Lately, I've begun to have some symptoms of early arthritis. Out of the blue, my right elbow has begun to ache and stiffen without any immediate trauma.
I've always been fairly complacent about how much stress I put on my body. I lift heavy objects and over-exert frequently. I've begun to think, after 67 years of active life, that I must be indestructible.
Over the years, I've damaged the cartilage in both my knees, but I have almost no symptoms from that, unless I try running long distances, which can lead to discomfort. As we get older, we tend to become somewhat more sedentary, which may mask oncoming weaknesses in our physiology.
I guess, someday, I may end up having to use a cane or other ambulatory appliance. I don't dwell on such things, so when and if that day comes, I'll just have to deal with it then.
In the meantime, I encountered my very first walking-stick.
Returning home from work in the later afternoon, I was closing our redwood gate, when I noticed a sliver of wood leaning from the edge of the vertical frame member. I looked at it intently, and realized to my utter surprise, that it was in fact an insect.
Partly aged redwood has a reddish-brown tinge, and the Walking Stick--which is what this insect is called--could easily go unnoticed unless you were really looking for one. If it had been on the fence, I would never have seen it.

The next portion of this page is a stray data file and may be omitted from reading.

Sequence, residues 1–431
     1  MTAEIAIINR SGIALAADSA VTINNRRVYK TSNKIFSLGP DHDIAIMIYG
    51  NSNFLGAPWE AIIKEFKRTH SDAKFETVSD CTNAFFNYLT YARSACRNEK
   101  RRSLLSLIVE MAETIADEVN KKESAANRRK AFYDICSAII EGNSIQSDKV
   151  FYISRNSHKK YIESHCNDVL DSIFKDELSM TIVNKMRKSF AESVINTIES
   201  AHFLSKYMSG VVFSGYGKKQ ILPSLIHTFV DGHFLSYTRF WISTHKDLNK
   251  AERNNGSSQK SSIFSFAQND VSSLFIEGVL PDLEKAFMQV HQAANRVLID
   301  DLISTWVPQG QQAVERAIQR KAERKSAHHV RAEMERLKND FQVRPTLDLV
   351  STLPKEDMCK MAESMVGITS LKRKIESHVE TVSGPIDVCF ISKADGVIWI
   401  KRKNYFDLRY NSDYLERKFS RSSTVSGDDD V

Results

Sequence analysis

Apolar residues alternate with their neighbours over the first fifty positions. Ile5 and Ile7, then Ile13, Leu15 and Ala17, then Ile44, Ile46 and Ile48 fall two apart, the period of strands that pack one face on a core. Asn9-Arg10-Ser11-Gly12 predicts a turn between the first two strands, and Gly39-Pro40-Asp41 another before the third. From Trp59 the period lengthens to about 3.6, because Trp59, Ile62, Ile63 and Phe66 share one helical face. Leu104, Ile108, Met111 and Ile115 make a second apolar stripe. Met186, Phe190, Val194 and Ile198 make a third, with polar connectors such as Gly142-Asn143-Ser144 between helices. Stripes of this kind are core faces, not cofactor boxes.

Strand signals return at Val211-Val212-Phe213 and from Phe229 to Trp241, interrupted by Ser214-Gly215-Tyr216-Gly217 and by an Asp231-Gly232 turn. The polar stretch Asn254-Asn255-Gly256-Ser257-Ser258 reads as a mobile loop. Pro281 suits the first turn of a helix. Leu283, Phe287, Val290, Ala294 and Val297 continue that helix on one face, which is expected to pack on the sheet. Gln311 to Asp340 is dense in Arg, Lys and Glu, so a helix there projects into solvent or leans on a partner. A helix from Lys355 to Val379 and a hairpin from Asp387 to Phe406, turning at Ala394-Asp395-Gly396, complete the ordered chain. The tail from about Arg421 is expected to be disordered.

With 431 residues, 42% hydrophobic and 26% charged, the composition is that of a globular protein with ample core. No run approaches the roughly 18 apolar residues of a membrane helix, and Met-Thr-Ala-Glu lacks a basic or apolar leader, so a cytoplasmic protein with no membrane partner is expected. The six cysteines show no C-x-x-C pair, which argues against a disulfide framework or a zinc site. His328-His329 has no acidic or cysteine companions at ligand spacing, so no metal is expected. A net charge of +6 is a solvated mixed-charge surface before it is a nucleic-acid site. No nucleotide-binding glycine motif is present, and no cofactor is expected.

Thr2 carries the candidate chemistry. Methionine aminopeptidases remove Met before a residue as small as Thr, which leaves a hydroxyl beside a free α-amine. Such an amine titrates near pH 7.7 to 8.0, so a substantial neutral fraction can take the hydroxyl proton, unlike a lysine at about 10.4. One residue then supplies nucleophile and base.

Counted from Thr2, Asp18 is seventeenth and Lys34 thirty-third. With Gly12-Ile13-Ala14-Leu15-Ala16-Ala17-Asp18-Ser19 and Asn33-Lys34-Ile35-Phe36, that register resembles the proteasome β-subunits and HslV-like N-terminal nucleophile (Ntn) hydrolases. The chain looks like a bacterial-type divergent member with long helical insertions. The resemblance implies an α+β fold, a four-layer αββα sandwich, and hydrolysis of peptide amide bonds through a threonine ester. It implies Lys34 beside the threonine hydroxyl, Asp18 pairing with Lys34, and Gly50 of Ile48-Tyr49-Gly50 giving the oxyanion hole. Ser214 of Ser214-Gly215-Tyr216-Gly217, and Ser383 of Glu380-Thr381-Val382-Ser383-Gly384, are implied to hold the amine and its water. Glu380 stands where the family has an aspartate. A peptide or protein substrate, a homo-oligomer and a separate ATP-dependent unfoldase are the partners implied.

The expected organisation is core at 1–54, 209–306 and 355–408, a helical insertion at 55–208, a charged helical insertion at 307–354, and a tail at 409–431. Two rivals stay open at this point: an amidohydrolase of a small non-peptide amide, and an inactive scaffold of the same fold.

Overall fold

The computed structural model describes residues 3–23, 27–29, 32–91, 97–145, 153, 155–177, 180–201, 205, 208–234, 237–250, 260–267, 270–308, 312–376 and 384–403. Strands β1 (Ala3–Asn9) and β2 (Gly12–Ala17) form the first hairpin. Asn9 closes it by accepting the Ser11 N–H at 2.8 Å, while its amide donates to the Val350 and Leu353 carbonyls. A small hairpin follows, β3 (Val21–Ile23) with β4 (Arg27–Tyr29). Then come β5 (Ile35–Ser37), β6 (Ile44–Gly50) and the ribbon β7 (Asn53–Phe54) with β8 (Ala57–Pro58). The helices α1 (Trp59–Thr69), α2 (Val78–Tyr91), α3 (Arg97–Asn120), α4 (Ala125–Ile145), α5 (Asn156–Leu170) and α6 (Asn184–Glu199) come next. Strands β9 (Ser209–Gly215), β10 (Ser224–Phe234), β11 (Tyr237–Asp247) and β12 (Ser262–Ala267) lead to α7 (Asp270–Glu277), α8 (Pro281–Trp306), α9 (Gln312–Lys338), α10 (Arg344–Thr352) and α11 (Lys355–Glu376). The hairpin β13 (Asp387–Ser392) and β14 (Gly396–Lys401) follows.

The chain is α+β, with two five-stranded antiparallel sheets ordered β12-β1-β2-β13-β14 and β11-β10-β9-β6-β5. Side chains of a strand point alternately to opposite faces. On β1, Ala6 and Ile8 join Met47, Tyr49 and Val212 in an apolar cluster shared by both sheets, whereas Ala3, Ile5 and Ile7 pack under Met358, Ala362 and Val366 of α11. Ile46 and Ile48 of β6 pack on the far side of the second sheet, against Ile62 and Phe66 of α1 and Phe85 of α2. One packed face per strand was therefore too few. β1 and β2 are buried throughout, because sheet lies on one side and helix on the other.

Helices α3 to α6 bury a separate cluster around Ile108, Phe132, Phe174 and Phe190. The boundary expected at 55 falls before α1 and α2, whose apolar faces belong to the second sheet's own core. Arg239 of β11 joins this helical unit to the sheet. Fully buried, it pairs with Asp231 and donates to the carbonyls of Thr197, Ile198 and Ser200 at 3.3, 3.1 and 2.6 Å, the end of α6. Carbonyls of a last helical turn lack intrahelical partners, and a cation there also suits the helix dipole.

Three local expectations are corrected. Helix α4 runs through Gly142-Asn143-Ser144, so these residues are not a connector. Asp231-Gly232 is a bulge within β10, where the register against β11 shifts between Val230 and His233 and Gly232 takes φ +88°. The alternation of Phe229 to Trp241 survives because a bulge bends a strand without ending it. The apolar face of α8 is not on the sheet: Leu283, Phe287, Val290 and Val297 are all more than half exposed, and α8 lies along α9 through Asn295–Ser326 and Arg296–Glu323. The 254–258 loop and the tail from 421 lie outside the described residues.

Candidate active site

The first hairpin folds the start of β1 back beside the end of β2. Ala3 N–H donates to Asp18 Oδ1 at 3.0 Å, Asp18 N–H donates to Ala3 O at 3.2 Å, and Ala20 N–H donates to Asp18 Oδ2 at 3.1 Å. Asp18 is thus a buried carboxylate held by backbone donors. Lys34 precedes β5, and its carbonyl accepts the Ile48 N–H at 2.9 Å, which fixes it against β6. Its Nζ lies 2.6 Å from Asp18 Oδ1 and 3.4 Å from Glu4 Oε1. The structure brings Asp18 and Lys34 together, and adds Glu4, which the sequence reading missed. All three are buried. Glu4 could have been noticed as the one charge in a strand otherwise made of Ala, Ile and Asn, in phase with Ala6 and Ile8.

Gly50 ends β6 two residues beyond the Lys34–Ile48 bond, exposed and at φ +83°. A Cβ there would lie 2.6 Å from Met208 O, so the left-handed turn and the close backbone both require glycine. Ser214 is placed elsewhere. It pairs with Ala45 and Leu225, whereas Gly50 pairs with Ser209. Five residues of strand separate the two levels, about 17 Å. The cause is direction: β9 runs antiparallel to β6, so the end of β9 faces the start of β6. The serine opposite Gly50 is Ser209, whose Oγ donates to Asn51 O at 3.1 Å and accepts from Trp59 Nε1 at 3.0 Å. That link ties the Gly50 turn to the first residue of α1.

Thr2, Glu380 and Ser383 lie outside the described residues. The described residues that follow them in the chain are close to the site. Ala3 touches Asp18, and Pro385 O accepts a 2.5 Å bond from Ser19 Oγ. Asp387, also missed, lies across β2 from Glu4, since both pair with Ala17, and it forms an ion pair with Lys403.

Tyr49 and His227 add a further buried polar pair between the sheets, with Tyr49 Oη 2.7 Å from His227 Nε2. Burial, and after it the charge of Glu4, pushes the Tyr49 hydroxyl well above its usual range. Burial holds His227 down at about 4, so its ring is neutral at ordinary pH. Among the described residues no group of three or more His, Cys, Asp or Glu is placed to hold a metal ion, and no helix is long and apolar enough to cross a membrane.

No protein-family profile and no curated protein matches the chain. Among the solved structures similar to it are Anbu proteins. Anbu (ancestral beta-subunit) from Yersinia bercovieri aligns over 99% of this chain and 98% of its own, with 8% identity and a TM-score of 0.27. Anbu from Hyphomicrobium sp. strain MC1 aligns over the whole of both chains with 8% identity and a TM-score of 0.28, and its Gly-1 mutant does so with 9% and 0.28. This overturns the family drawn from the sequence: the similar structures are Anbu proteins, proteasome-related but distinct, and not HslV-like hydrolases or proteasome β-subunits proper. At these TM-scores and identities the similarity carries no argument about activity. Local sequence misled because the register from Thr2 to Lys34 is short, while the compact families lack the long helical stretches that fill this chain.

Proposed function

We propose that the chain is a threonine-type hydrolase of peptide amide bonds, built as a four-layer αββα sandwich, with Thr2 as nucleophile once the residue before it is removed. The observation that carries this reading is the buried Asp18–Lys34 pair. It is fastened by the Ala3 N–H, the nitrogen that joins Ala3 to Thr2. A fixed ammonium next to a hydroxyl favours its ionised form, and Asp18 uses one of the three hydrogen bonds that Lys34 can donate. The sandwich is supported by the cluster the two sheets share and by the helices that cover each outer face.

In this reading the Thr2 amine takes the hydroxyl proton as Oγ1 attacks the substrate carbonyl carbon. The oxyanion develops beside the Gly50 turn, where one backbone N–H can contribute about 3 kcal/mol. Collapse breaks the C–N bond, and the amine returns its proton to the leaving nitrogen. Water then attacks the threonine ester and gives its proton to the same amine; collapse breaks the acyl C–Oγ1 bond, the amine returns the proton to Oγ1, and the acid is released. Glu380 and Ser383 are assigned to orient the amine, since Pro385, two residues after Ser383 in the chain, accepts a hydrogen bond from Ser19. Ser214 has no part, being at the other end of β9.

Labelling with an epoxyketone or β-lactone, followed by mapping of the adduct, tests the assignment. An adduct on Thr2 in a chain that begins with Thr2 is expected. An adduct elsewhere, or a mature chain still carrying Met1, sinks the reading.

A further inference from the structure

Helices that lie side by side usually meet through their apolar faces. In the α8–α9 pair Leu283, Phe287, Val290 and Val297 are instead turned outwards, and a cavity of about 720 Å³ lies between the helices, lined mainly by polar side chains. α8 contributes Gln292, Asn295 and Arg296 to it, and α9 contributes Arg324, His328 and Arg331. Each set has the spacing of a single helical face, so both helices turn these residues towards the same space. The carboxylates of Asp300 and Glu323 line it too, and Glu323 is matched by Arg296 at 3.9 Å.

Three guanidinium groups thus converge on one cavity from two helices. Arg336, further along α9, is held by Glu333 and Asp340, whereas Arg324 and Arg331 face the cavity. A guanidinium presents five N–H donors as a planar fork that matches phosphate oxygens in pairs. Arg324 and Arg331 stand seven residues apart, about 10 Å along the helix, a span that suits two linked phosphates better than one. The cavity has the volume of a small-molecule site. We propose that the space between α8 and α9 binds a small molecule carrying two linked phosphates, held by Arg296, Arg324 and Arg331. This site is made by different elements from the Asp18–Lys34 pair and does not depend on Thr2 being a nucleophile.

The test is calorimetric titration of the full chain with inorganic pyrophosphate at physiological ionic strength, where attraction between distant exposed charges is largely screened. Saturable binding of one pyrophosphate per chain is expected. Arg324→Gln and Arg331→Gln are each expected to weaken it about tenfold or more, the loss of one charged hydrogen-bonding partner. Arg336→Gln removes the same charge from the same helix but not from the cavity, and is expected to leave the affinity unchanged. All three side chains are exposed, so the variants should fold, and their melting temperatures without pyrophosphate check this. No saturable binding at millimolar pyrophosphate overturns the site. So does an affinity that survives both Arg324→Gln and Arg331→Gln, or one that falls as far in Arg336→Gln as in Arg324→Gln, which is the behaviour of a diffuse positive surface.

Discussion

Photo of Walkingstick on our front gate
According to what I've been able to find online, this should belong to the Northern Walkingstick family, except that the typical "long antennae" seem to be entirely missing--unless I'm seeing it wrong. I'm thinking this must be a damaged bug, since it has only four of the usual six legs. Maybe it got its head caught in the gate-edge, or a hungry bird bit off a piece?
These are rare insects. I don't know many people who've reported seeing them here in California, but I've read about them before. At first, I thought it looked like a big brown Praying Mantis, and I suspect they may be related to mantises.This one appeared to be about six inches long, and probably much longer with its head and antennae. It wasn't moving, but you could see very tiny adjustments of the legs--it was definitely alive, but probably without its head, it was just clinging out of muscle tone or something.